WASHINGTON – White House lawyers are expected to meet with special counsel Robert Mueller's office late this week seeking good news: that his sprawling investigation's focus on President Trump will soon end and their client will be cleared.
But people familiar with the probe say that such assurances are unlikely and that the meeting could trigger a new, more contentious phase between the special counsel and a frustrated president, according to administration officials and advisers close to Trump.
People with knowledge of the investigation said it could last at least another year – pointing to ongoing cooperation from such witnesses as former Trump campaign adviser George Papadopoulos and former National Security Adviser Michael Flynn, as well as a possible trial of two former Trump campaign officials. The special counsel's office has continued to request new documents related to the campaign and members of Mueller's team have told others they expect to be working through much of 2018, at the minimum.
The dynamic threatens to intensify the already inflamed political atmosphere enveloping the investigation into Russia's meddling in the 2016 election. Even as White House lawyers have pledged to cooperate with Mueller, Trump and his allies have accused the Justice Department and FBI of bias and overreach.
The latest salvo came last weekend, when a lawyer for the presidential transition accused Mueller of wrongfully obtaining thousands of emails sent and received by Trump officials before the start of his administration.
Ty Cobb, the White House lawyer overseeing the response to the Russia investigation, did not respond to phone calls and text messages seeking comment. Peter Carr, a spokesman for the special counsel, declined to comment.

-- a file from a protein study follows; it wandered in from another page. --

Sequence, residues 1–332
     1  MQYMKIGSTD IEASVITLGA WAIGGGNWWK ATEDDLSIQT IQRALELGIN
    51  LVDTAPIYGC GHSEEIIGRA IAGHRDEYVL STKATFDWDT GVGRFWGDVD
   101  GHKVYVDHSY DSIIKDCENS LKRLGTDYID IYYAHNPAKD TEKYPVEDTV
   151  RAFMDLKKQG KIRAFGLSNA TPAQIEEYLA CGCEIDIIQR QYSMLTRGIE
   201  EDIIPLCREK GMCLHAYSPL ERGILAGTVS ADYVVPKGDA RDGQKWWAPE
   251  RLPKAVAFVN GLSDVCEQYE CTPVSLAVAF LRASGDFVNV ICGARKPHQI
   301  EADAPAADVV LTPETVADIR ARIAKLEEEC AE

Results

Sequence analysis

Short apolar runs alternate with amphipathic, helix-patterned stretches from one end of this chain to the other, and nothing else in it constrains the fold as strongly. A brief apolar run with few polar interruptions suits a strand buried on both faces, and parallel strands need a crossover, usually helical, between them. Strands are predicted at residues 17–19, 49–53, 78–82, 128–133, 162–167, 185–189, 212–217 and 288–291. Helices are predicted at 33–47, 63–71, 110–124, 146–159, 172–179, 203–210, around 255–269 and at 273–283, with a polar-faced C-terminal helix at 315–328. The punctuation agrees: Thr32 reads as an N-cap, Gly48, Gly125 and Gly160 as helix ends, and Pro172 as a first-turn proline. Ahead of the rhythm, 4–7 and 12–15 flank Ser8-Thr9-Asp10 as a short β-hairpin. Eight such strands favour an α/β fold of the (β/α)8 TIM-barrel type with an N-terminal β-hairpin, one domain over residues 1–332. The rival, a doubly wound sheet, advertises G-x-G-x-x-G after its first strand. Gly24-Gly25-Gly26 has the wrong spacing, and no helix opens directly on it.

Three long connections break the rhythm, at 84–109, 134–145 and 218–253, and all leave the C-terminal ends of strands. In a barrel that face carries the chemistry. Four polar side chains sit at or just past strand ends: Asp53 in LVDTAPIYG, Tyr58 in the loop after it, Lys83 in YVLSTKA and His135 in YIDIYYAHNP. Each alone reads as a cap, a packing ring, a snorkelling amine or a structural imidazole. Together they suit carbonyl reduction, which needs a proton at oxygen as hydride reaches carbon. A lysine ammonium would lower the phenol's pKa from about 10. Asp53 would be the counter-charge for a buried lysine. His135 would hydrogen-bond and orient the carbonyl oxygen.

White House lawyers have told the president he could be exonerated as early as the beginning of the year, after previously reassuring him that he would be cleared by Thanksgiving and Christmas, as the Washington Post previously reported. They have stated publicly that all White House interviews are over and that Mueller's team is no longer seeking White House documents.
In the meeting this week, they plan to ask Mueller's investigators if they need any more information before reaching a conclusion that the probe as related to Trump is complete, according to a person familiar with the Trump team's plan who requested anonymity to describe private conversations.
The question that White House lawyers will pose to the special counsel's office, according to the person: "You're had all these witnesses, all these records. Is there anything else you need from the White House?"
Until now, Trump's legal team has repeatedly pledged cooperation with Mueller's office. A White House spokesman said there was no plan to change the strategy.
Trump's legal team has reassured him that it sees no evidence of collusion or obstruction in the records that it turned over, White House advisers said. While the lawyers have told the president that they expect the investigative team will have to continue its work related to former campaign chairman Paul Manafort deep into next year, as well as possibly Flynn, they said they believe Mueller should be close to wrapping up its focus on the current White House.
Trump himself has expressed frustration with the probe but has shown optimism that it will not touch him. He told associates recently that he harbors no deep concern over the investigation and noted that his lawyers talk with Mueller's team regularly, according to a person who spoke with Trump last week and requested anonymity to describe a private conversation.
When pressed by two advisers to take the matter more seriously and asked why he is so confident in his lawyers, Trump brushed off the concerns. "He is living in his own world," the person said, predicting Trump would erupt at some point in 2018 if the probe continued to drag on.